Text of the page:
Modular Application Updates: Libvirt and QEMU

Christian Ehrhardt christian.ehrhardt at
Tue Mar 28 08:26:08 UTC 2017

On Mon, Mar 27, 2017 at 9:13 PM, Dmitrii Shcherbakov <
dmitrii.shcherbakov at> wrote:
> TL;DR: Putting libvirt and QEMU into the same snap removes an ability
> to update them independently and only use new QEMU binaries after VM
> shutdown.


7 If a QEMU process is terminated via SIGTERM or SIGKILL, the guest
> kernel page cache and buffer cache will not be dropped which will
> highly likely cause a file system corruption.

There are hooks you can link in yourself for upgrades IIRC.
That could be used to at least gracefully shut them down - but I agree that
there should be no reason to do so at all.
The qemu's should continue to run through and after the update.


> The idea with any 'classic' package management system (for debs, rpms
> etc.) is as follows:
> 1 Updates move new files over the old ones. That is, shared objects
> and binaries are unlinked but not overwritten - if there is still a
> process that has a file open (or mmaped which requires a file to be
> open) an old inode and the related data on a file system is kept until
> the reference count is zero;
> 2 Running programs can use old binaries and shared objects which they
> have open until restart


> 1 A new squashfs and an old squash fs are obviously different file
> systems - hence inodes refer to different file systems;
> 2 All processes are killed during an update unconditionally and the
> new file system is used to run new processes;

Yeah for server side things with a longer lifecycle that doesn't seem right.

> 3 Some libraries are taken from the core snap's file system which
> remains the same (but may change as the core snap may have been
> updated before while a particular snap used an old version of it).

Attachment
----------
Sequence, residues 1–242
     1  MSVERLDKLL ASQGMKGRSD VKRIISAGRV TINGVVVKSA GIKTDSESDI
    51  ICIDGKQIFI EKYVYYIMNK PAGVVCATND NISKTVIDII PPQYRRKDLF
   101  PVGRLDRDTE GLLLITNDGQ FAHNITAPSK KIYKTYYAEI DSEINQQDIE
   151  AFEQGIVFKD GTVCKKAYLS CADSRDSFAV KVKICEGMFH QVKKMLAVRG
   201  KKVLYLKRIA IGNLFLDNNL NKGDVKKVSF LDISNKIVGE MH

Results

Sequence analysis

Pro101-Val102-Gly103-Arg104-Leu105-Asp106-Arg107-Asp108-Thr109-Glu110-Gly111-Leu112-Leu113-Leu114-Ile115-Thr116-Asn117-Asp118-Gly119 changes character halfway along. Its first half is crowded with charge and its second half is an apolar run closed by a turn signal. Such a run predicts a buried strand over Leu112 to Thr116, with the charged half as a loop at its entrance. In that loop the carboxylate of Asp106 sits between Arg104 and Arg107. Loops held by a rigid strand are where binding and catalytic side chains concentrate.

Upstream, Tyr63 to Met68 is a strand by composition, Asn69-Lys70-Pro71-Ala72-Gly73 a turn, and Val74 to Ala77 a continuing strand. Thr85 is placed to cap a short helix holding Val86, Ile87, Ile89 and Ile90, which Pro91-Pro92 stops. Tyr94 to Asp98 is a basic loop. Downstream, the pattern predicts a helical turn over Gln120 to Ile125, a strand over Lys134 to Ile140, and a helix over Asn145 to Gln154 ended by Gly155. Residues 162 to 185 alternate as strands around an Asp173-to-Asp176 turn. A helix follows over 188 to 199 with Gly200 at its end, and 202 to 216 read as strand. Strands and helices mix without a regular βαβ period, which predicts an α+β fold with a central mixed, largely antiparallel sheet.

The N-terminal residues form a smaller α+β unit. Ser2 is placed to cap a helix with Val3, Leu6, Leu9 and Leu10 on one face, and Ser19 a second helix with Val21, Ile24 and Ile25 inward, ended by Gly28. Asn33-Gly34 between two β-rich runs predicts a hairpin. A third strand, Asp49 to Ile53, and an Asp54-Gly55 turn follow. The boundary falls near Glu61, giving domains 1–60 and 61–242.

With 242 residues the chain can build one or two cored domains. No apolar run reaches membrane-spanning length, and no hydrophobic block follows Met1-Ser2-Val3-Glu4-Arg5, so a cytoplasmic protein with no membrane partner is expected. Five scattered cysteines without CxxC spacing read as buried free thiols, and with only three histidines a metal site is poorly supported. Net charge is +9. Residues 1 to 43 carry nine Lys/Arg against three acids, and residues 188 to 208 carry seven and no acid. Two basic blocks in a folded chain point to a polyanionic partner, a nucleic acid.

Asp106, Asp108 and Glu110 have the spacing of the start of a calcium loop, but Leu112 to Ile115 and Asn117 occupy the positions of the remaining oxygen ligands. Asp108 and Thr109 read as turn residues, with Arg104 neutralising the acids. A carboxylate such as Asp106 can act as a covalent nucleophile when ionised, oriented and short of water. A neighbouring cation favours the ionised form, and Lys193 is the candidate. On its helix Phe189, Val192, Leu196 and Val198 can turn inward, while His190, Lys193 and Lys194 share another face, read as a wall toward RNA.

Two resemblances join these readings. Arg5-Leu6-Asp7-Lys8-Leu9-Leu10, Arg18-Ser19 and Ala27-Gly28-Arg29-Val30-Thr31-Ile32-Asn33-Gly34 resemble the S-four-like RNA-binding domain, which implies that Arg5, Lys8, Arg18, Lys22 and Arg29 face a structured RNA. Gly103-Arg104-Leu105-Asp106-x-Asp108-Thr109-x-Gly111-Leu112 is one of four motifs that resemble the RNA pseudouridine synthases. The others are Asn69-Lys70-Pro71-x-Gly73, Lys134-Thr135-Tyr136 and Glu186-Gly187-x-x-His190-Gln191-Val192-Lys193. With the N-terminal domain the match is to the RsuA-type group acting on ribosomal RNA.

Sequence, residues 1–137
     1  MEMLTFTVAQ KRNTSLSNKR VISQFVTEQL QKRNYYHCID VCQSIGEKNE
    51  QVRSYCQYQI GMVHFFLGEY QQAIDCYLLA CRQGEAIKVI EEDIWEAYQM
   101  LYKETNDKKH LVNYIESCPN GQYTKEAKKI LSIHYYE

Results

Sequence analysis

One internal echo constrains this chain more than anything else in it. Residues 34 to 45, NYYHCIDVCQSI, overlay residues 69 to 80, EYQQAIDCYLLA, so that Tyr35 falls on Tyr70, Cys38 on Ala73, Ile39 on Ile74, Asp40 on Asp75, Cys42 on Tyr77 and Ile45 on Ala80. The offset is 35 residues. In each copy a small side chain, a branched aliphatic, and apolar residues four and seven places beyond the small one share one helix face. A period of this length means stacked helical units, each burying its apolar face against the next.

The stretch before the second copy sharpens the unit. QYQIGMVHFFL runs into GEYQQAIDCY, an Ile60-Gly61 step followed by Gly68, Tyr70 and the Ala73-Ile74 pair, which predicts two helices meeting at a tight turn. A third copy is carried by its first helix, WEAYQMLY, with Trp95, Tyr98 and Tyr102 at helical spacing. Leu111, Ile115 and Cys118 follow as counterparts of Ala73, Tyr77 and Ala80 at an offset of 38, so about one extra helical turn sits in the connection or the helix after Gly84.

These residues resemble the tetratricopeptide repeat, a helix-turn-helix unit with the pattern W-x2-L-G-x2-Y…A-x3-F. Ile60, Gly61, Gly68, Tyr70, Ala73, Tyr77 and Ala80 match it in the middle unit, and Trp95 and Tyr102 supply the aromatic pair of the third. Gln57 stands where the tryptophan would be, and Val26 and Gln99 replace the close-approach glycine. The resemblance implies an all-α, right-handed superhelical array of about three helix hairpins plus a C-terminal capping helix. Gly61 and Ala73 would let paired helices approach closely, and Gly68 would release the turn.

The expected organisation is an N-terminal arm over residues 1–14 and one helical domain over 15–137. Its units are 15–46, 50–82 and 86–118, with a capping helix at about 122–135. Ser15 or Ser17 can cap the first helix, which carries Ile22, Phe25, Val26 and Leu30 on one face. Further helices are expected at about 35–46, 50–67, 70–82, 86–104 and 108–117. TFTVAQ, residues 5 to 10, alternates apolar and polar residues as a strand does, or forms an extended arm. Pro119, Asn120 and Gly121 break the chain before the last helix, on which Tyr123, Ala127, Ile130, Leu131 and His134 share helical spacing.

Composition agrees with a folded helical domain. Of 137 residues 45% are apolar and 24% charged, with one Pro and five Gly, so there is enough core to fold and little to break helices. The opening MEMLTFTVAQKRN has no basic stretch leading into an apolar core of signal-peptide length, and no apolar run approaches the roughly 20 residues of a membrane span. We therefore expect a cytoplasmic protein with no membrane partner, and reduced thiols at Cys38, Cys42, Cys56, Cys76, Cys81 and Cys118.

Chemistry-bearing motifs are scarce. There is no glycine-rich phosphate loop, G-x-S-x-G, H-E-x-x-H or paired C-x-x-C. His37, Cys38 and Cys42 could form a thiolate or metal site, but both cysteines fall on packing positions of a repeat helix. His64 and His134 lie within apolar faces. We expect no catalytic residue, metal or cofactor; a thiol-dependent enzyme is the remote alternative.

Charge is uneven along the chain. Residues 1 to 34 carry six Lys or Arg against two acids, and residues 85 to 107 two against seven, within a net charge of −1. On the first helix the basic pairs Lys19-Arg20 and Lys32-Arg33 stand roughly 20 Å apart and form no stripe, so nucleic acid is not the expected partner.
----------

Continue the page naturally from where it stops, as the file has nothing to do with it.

In some sense the squashfs entry points can be considered your new inode.
All new application starts should be from the new version, but any old
program could continue to run from the old content.
That would be true for core-snap and application snap - only once all old
refs are gone the old version can "really" go away.

So think of an upgrade:
PRE: content in /snap/app/oldver/foo
UPGRAD adds: /snap/app/newver/foo
UPGRADE changes: /snap/app/current is set to newver
But /snap/app/oldver/foo would stay around and running applications kept
Only once the last one is gone /snap/app/oldver would completely vanish.

IIRC we keep it around anyway to be able to roll back right [1]?
We already make sure nothing new is started from old.
Maybe it is just a way more advanced garbage collection and a change to the
update behavior to leave things alive.

Also on the "killing on update" as a major change in behavior - and to take
it a bit out of the qemu/libvirt example.
If I watch a movie on one screen in my snap vlc and in another console
would refresh all snaps on my system I'd in no way expect it to kill my
running vid.
I haven't tried, but according to the report here that is what would happen
I'd expect it to continue to run and whenever I start a new vlc next time
it will be the new upgraded one.
BTW - I realized that "snap remove vlc" leaves it alive, so refresh being
harder than remove to a running app seems even more wrong.

Thanks for sharing your thoughts Dimitri, I think you uncovered an
important and interesting part of the snap implications which is worth
to be thought through in detail.
I hope the snap'xperts can jump in with a deeper view onto all this -
especially on all the snap vs snap_data considerations that have to go into
this when running from old+new at the same time would become allowed.


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